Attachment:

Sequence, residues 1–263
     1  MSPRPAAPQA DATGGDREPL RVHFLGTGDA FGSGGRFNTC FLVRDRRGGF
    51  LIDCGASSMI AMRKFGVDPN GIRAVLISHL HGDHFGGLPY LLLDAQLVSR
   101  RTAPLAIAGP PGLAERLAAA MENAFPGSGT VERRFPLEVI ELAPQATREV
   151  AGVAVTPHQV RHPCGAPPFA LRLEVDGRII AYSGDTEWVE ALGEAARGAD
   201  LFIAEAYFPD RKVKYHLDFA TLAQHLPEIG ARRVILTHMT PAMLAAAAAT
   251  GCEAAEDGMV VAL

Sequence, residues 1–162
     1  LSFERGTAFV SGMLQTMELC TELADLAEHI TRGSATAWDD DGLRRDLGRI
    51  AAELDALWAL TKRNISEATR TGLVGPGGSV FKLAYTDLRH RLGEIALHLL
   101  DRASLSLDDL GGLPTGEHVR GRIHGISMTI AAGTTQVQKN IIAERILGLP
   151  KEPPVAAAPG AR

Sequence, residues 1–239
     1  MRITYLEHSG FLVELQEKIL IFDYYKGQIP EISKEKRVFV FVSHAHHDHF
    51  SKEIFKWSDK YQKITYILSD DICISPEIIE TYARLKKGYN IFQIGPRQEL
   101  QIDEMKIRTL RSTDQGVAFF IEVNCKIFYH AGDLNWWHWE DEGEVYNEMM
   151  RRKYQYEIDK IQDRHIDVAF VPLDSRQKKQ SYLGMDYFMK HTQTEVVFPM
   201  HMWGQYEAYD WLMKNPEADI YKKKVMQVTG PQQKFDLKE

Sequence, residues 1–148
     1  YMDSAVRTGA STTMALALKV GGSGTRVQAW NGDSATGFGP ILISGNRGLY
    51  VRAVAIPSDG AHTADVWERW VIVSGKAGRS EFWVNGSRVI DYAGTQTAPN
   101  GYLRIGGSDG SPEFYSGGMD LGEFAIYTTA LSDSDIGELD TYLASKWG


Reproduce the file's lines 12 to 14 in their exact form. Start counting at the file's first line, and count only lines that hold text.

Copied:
   151  KEPPVAAAPG AR

Sequence, residues 1–239
     1  MRITYLEHSG FLVELQEKIL IFDYYKGQIP EISKEKRVFV FVSHAHHDHF